States further expand military bases in Azerbaijan and Armenia, but bar Nato from bases
The Russian foreign minister Sergei Lavrov met his Chinese counterpart in Beijing on Saturday in an attempt to extend defence and energy partnerships to counteract ongoing US initiatives.
The meeting, in the Chinese capital, builds on an agreement in January for Moscow to build a railway from Kazakhstan to the Chinese province of Xinjiang, where Muslim minorities have felt slighted by Beijing. The Aksu railway was originally planned for China and Kazakhstan to open next year. But it also envisages construction of the Iranian port of Chabahar, a sign of Russia’s interests in Asia.
In 2012, President Xi Jinping first announced plans to open a Chinese military base in Azerbaijan, near Baku. But the pledge never panned out. Now, China and Russia are further expanding military ties in the South Caucasus, with proposed agreements to build a training base near the Armenian city of Gyumri. Russia has also built a military base in Armenia’s Black Sea port of Sevastopol, and is mulling building a naval base in the Black Sea at Burgas, near the Turkish coast.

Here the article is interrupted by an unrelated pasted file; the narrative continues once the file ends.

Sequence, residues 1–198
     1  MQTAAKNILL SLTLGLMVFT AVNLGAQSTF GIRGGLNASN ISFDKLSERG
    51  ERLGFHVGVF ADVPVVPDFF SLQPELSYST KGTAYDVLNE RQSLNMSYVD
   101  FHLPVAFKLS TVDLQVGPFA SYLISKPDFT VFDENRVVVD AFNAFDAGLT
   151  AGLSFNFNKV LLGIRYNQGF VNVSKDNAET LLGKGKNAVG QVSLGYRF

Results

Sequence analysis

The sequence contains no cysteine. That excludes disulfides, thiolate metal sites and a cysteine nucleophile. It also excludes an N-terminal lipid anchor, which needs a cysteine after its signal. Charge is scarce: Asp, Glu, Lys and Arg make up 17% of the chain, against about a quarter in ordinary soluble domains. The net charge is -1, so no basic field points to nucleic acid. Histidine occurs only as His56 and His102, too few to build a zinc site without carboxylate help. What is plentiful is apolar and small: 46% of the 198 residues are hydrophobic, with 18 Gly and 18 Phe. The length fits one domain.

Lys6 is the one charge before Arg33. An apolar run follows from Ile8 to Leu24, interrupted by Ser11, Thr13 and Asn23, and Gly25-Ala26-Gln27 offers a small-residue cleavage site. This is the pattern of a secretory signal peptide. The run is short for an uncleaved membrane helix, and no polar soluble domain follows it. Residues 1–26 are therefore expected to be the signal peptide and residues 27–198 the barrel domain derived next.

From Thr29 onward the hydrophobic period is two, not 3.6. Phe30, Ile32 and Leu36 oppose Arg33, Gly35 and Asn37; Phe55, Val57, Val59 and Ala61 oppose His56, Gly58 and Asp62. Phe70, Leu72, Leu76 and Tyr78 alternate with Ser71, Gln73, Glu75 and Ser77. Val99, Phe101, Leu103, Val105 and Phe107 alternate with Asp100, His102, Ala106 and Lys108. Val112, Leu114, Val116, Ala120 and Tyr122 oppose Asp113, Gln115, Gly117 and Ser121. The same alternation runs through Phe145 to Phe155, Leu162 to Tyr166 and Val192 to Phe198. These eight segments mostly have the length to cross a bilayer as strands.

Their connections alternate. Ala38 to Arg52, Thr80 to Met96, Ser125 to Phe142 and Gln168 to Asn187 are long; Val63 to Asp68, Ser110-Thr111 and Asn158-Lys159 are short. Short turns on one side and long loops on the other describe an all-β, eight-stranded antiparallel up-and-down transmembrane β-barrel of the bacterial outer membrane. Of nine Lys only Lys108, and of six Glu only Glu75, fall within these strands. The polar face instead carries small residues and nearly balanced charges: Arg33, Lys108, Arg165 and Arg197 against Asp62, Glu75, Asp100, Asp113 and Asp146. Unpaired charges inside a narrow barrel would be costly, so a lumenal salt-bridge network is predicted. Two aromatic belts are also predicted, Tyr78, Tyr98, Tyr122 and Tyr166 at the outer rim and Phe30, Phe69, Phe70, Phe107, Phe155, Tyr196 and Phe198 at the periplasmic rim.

The Mongolian prime minister, Khadzhi Sumi, confirmed Russia will open a field for leasing in the Mongolian town of Hengchun, 100km (60 miles) from the border with China.
Russia has also built a centre in Dushanbe, the capital of Tajikistan, the neighbours of the Kurile islands, claimed by Japan.
Moscow and Beijing have also sought to look out for each other’s interests in recent years in European diplomacy, protesting that the US president, Donald Trump, made inappropriate approaches.
Russia has indicated it hopes to use its economic and military ties to sell European countries new supplies and technologies in a bid to weaken the influence of the US.